Jim's iTind™ Experience
"I can remember waiting to get into a Tigers game, and waiting in line to have bags checked, and I am panicking because I have to go to the bathroom so urgently,” said benign prostatic hyperplasia (BPH) sufferer Jim K. “It’s very uncomfortable, and it’s a constant worry.”
The hazards of not being able to pee are not all as obvious. To cope with the symptoms of an enlarged prostate, Jim was not drinking enough water.
Limiting his fluid intake was how Jim avoided the need to urgently visit the bathroom. Working with patients as a physician assistant in a busy office, he was not able to take the frequent bathroom breaks his BPH symptoms demanded. Even when he did visit the facilities, emptying even a portion of his bladder could take a long time because of a weak urine stream caused by the enlarged prostate blocking the urethra.
“My wife and I had to plan trips around where there were bathroom facilities. And the pandemic only made that kind of planning tougher because you never knew for sure which bathrooms were open.”
Beyond Drug Therapy
Jim has been receiving treatment for enlarged prostate, or benign prostatic hyperplasia, for almost 10 years. For most of that time, he was taking prescription medication, but when the drugs began to lose their effect, Jim and his urologist began discussing other options for treatment.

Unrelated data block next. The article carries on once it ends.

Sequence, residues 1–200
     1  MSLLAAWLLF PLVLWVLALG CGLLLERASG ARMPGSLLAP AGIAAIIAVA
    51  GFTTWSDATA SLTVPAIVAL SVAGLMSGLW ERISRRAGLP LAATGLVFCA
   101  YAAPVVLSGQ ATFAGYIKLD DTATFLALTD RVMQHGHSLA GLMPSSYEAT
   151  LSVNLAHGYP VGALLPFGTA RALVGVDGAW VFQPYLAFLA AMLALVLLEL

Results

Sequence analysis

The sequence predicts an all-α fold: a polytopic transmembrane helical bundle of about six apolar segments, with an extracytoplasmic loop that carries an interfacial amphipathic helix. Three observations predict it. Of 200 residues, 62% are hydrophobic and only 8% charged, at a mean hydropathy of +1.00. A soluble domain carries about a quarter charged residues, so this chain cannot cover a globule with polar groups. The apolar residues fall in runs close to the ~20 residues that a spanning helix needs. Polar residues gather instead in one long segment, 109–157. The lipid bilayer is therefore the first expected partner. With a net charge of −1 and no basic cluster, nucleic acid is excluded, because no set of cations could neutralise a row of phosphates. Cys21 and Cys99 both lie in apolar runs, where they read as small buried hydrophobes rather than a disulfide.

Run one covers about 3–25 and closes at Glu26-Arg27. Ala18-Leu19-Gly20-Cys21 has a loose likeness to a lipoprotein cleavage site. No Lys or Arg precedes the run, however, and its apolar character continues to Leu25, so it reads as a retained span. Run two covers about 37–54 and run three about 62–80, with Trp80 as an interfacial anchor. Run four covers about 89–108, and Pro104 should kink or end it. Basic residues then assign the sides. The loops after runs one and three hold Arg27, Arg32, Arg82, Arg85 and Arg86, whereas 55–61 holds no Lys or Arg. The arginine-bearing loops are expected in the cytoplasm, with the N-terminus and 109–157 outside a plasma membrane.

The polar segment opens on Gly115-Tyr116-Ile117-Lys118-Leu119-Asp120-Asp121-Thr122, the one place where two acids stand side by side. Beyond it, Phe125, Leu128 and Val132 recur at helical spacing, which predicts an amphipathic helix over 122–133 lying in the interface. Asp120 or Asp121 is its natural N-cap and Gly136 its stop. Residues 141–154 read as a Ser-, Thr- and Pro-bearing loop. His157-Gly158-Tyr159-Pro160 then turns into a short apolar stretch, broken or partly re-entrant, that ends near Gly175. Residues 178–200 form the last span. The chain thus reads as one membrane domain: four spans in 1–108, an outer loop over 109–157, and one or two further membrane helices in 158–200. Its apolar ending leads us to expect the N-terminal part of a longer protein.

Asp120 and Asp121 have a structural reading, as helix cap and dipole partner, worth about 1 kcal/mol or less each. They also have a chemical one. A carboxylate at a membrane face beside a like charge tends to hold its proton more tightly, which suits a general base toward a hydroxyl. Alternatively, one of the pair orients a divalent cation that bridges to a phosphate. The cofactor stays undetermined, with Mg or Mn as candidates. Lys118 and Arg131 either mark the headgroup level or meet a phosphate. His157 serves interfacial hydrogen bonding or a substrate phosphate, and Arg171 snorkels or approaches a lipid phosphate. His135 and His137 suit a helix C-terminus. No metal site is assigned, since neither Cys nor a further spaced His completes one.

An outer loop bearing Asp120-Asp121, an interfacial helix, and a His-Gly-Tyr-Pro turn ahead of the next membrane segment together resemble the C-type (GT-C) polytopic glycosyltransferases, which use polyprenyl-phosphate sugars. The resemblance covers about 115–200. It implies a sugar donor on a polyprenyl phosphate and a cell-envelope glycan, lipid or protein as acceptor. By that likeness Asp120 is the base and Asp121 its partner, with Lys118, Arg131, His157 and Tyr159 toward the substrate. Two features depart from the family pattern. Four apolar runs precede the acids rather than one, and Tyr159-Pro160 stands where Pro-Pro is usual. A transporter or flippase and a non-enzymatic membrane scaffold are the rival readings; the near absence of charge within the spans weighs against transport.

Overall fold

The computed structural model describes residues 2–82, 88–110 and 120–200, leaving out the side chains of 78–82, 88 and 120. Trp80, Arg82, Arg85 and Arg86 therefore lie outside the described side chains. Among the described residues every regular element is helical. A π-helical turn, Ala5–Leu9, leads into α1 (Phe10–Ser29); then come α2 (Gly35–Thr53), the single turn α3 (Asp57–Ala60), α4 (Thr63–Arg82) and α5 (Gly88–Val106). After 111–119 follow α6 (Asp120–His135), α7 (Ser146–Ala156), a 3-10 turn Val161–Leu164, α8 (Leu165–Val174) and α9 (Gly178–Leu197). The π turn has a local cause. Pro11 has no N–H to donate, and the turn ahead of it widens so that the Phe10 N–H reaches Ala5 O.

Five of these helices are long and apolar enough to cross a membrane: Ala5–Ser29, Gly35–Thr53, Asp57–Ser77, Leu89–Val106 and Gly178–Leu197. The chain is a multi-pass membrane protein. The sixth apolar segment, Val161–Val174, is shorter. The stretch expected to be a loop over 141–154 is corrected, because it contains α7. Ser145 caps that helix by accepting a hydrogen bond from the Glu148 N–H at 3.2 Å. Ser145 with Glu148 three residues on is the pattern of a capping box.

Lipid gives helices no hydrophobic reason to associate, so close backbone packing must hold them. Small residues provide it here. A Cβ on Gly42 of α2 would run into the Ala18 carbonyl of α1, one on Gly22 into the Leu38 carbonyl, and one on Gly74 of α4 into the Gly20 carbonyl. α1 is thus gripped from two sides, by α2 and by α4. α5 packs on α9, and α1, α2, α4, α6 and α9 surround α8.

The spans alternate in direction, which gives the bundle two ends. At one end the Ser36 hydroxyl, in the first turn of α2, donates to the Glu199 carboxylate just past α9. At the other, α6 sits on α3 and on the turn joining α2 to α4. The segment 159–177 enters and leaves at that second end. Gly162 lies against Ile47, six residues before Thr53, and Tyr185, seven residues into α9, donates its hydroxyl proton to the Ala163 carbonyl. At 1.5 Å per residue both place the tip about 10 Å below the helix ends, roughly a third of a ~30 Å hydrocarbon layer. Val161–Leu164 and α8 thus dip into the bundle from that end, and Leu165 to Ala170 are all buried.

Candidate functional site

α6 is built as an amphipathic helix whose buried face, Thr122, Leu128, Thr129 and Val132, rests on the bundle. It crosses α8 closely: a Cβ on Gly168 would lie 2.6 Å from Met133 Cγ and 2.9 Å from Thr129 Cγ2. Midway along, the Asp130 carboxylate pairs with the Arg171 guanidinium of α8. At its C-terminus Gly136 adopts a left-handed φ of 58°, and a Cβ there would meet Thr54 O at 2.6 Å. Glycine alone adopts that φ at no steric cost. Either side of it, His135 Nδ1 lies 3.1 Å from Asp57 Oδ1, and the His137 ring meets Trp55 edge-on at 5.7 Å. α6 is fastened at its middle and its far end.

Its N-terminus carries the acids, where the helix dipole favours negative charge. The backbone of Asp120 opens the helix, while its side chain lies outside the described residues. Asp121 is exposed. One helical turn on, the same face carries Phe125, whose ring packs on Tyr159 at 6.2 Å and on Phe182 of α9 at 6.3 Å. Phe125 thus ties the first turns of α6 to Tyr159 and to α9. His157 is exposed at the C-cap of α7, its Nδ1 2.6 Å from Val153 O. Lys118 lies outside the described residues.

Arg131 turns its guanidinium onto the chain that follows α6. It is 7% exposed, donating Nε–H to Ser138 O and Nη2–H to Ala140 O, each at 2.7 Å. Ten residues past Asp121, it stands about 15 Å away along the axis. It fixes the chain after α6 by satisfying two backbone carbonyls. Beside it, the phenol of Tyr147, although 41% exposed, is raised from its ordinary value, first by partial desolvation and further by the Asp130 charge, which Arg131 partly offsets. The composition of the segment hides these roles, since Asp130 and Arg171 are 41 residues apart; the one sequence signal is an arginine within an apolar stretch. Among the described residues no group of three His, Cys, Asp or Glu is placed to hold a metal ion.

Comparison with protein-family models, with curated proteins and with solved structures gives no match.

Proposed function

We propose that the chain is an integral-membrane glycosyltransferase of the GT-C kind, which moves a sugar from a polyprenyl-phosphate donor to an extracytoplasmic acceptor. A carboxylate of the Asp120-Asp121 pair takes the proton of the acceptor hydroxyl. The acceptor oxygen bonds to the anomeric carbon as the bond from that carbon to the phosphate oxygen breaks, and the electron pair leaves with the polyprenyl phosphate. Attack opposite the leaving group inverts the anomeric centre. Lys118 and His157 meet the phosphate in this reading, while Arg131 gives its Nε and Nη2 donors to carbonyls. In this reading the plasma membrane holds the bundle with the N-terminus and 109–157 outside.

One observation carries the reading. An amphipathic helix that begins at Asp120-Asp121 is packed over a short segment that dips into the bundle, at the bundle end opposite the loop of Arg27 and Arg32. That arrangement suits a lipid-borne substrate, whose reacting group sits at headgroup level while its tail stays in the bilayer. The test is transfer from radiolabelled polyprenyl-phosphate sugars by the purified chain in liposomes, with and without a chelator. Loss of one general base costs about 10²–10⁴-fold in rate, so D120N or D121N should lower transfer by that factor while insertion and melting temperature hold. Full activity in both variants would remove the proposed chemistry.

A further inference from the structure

“I had concerns about the loss of sexual function,” said Jim. “And so I wanted to avoid procedures that could potentially damage the tissue or overall architecture, and I had concerns about a retained foreign body inside me.” It wasn’t until Jim learned about the option for a temporary implant that he decided to move forward with surgical treatment.
“About a year ago, my urologist told me about a new treatment that left no residual foreign body,” said Jim. “I was definitely intrigued by it.”
Just before Labor Day 2020, Jim was treated with a new temporarily implanted device called iTind™. The device stays in place for 5-7 days, and during that time, it reshapes the prostate by creating channels through which urine can flow.i
Jim says he was prepared for some discomfort during the time the implant was in place. “It was a bit uncomfortable for six days,” said Jim.
“My doctor was very helpful to me in managing the initial pain and swelling from the placement procedure. The main aggravation was the constant feeling that I needed to pee. But when the iTind™ insert was removed, there was rapid relief.”
The removal was an outpatient procedure done under local anesthesia that Jim describes as being “very simple and with little pain.”
Following the procedure, Jim said, “I was amazed at the velocity of my urinary flow. The velocity has gone down a little bit compared to the day the device was removed, but a year out, it’s still very good. I'm much better compared to before.”
i iTind™ Risk Information: Implantation of the iTind™ device may cause urinary urgency, pelvic discomfort, dysuria or hematuria. In rare cases, iTind™ may cause urinary tract infection or acute urinary retention.